Create Ground Rules for the Team

Suggested Time Box: 60 minutes

Concept

In the context of an Agile project, is a list of operating rules that address the team and not the product or project. It is a set of basic rules and behaviors agreed on by the team. The Charter can be very simple and focused and amended as needed. This should also be posted along with the High Performance Vision. Cultural and individual sensitivities should play into how your individual team create their charter. Define behaviors and communication habits that are acceptable and unacceptable to you.

Reasons

Use the Ground Rules as a guide during retrospectives, or when the team is getting off track, struggling through a problem, or morale is waning.

Some of Ideas for Team Charter

  • Single-thread meetings and conversations (don’t try to multi-task)
  • Keep computers closed during team meetings to make them concise, focused, and efficient
  • Respect email usage
  • Communicate openly
  • If uncomfortable with communicating directly to the team member, work with Scrum Master
  • Disagree in a constructive manner
  • Show respect to the other team members if you disagree on something
  • Keep a sense of humor
  • Turn off cell phones during key team meetings
  • Report all planned vacations for appropriate resource planning
  • Be on time for meetings
  • Call in for meetings if late
  • Report sicknesses and absences to the team in a timely manner

Action Plan

  • Brainstorm ideas of acceptable and unacceptable behaviors for your team
  • Capture and post the Team Charter in a public place next to the High Performance Team Vision

Define the High Performing Team

Suggested Time Box: 60 minutes

Concept

An Agile team is not just a team. It is a high-performing powerhouse. Or, at the very least, it should be staffed to become a high-performing powerhouse. In this section you will define what your team’s vision of high performance should be. When holding each other accountable as a team, or addressing low team morale, usually a characteristic that makes up this vision of high performance is lacking in some way. Lyssa Adkins in Coaching Agile Teams uses a Tree as a metaphor. You can use a building with a foundation as a metaphor. Whatever metaphor your team uses, the root or foundational characteristics are as follows:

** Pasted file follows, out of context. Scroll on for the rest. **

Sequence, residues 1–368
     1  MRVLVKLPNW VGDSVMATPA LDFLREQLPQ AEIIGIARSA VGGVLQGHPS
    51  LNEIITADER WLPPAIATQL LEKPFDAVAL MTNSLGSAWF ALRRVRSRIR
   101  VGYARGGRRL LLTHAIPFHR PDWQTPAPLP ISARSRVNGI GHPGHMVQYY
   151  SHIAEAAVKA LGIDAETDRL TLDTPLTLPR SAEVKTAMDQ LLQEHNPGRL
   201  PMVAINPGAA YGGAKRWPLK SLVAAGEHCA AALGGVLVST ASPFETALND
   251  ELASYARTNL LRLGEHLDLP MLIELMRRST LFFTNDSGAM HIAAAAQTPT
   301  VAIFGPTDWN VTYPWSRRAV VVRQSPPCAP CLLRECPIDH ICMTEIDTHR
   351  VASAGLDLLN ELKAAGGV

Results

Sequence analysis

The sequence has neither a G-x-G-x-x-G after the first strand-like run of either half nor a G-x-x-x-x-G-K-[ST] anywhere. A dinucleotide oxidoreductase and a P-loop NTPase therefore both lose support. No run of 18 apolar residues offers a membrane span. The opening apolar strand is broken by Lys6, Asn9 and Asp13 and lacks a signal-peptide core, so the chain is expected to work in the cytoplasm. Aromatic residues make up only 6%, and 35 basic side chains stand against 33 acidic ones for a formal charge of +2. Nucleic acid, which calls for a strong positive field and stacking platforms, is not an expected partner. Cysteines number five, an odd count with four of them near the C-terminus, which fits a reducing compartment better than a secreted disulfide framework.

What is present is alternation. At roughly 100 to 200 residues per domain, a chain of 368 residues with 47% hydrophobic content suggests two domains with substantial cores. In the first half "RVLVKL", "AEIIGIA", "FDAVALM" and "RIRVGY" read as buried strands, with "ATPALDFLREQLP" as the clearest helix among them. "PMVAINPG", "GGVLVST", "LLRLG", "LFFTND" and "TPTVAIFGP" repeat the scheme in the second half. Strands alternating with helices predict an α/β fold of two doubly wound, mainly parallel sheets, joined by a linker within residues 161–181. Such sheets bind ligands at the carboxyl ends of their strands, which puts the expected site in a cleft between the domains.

• Communication, Feedback, Commitment, Focus, Courage, Respect, Openness, Simplicity

After defining where your team is on the about foundational level (I mark them blank, red, yellow, or green as we mature on my teams), build out your high performance team vision.

Why?

This exercise uncovers team ideas of high performance. A team that self-defines high performance starts capturing habits of high performance and working to next levels. This High Performance Vision should be displayed prominently in the team room, on the team site, and on the various information radiators for high visibility. If the team is getting off track or struggling somewhere, this vision will often provide a seed of thought that helps the team self-correct and get back on track to their goal of high performance.